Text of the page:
The following article is largely based on Eni’s valuation as calculated by Knight Vinke Asset Management of New York. I’ve been given written permission to use excerpts and graphs from their study in this article.
Oil major Eni (E) has been in the spotlight here in Italy since Prime Minister Mario Monti has announced two weeks ago that, amid reforms aimed at boosting a stagnant economy, a liberalization decree will enforce the separation of Snam (SNMRF.PK), which owns Italy's largest gas pipeline network, from its parent company Eni, currently owning a 52.5% stake, a move that has sparked new interest among investors.
This scores a victory for activist equity fund Knight Vinke - which owns more than 1% of Eni - that since 2009 has been pushing for a spin-off to reduce debt and release hidden value in the company.
The spin-off will be approved in the next six months; Eni's CEO, Paolo Scaroni, estimates that the restructuring will help reduce the group's debt from € 26 Bil to € 7 Bil ($9 Bil) allowing the company to increase its investments in more profitable upstream activities.
Eni's shares have always suffered the burden of the group's stake in Snam and, also due to the recent eurozone crisis, trades at depressed prices compared with other major integrated oil and gas companies.
Knight Vinke's calculations are based on a sum of the parts valuation; they reckon that Eni should command higher multiples because it is unique among oil majors in that it has a huge utility business that should not be valued with the same degree of skepticism that investors usually apply when they make an appraisal of oil companies. The skepticism comes from the fact that most industry analysts tend to be loose when evaluating E&P cash flow from reserves, for example using a 10% discount rate regardless of risk. Knight Vinke suggests we should think of Eni as a major utility with an E&P business rather than the opposite; utility assets are easier to value so higher multiples are warranted.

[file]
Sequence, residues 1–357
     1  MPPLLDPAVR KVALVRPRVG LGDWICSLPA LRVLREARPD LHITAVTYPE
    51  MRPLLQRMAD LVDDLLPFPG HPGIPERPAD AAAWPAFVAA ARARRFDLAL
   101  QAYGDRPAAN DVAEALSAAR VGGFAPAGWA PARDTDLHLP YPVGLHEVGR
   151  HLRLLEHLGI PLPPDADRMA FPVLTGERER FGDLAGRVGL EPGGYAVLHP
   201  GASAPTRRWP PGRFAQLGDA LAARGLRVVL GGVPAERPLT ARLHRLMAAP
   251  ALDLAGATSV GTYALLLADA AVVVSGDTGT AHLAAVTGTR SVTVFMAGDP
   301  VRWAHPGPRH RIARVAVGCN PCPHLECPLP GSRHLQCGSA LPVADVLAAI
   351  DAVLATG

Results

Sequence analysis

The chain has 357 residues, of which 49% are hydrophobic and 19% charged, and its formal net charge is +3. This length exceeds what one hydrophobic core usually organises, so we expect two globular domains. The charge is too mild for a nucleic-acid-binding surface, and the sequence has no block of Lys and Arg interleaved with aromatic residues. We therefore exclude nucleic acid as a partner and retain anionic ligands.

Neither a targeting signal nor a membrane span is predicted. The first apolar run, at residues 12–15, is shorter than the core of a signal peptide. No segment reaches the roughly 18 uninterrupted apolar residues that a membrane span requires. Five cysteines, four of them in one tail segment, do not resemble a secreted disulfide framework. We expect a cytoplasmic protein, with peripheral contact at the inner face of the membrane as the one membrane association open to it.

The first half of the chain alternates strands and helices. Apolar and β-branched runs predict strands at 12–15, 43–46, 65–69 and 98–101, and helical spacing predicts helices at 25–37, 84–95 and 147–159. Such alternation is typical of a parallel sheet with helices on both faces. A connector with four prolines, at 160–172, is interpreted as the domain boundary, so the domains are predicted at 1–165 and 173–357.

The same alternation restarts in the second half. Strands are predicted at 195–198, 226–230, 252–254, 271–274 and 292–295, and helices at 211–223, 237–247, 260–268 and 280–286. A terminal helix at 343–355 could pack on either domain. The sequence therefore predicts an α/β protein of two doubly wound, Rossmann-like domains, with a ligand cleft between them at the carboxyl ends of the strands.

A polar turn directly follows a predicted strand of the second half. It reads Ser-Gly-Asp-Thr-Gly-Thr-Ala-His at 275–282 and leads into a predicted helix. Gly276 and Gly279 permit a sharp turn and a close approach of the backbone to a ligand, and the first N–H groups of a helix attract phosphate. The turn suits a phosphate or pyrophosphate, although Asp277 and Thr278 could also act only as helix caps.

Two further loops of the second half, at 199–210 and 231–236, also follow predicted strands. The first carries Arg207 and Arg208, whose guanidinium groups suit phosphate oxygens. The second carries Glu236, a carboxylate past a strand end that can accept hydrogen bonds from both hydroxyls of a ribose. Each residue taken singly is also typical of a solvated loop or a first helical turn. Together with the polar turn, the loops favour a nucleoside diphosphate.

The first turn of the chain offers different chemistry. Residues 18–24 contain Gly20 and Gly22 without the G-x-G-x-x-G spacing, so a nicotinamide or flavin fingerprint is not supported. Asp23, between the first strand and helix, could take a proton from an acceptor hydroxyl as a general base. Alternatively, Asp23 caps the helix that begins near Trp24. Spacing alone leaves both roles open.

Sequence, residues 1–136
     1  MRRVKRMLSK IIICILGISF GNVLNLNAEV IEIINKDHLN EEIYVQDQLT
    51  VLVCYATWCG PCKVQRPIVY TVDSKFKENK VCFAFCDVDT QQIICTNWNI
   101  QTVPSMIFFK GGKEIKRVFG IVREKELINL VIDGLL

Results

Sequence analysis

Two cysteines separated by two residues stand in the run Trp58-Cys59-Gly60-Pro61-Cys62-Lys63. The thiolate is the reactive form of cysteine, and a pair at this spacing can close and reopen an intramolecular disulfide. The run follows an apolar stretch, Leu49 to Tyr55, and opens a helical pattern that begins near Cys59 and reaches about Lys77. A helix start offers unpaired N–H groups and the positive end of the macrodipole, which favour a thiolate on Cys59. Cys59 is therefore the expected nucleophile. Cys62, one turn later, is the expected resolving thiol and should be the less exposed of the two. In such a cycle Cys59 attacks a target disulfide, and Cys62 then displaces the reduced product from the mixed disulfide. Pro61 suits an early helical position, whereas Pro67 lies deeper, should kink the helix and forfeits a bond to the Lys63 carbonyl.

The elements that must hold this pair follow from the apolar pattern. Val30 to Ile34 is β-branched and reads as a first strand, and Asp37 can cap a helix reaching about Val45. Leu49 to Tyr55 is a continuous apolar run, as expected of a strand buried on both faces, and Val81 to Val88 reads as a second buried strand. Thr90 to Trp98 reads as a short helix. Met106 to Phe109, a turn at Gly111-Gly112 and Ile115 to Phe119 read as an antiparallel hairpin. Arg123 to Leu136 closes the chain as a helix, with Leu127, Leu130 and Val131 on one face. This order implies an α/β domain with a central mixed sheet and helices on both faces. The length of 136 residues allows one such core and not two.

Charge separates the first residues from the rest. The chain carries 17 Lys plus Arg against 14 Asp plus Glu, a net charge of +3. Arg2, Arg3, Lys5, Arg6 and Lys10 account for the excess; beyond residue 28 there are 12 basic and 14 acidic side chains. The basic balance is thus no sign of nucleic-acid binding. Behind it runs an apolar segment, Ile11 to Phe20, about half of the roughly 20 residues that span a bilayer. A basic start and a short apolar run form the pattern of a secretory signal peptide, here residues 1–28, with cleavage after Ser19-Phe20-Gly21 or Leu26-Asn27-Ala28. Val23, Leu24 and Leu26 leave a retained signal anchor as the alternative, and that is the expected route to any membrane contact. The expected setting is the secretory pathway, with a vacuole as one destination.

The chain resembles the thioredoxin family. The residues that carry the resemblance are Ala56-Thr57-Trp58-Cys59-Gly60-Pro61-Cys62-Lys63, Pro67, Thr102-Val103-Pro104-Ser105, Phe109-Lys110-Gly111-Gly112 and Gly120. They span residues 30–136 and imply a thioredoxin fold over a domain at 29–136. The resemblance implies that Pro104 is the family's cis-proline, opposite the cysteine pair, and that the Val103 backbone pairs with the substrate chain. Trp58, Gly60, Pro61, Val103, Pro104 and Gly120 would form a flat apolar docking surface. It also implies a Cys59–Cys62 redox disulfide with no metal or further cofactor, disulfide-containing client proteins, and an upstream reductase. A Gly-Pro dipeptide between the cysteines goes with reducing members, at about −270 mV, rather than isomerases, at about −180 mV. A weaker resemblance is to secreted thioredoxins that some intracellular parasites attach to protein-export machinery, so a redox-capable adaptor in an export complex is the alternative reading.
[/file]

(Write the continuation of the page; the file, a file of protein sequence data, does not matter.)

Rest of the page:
Gas & Power
The gas & power division consists of:
- a 52.5% stake in Snam, that will likely be spun off
- electricity and gas wholesale and retail supply business in Italy and Belgium
- power generation
- international transport pipelines
- gas equity stakes in other companies
(Click charts to expand)
Snam Rete Gas comprises high and low pressure pipelines, a LNG
regasification station and storage facilities. As such it is considered a
pure infrastructure play and is valued using TEV (Total Enterprise Value=common equity + debt - cash) , with a current value of €22 Bil
The International Transport business includes pipeline activities outside Italy and is valued using a 7.5 to 8.5 multiple of estimated 2012 EBITDA (earnings before interest, taxes, depreciation and amortization), in line with that of comparable companies.
The Supply and Marketing business is one of the largest gas suppliers in Europe and, using an EBITDA multiple of 4.5x to 5.5x with estimated earnings in 2012 of €965 Mil, it is valued at least €4.3 Bil.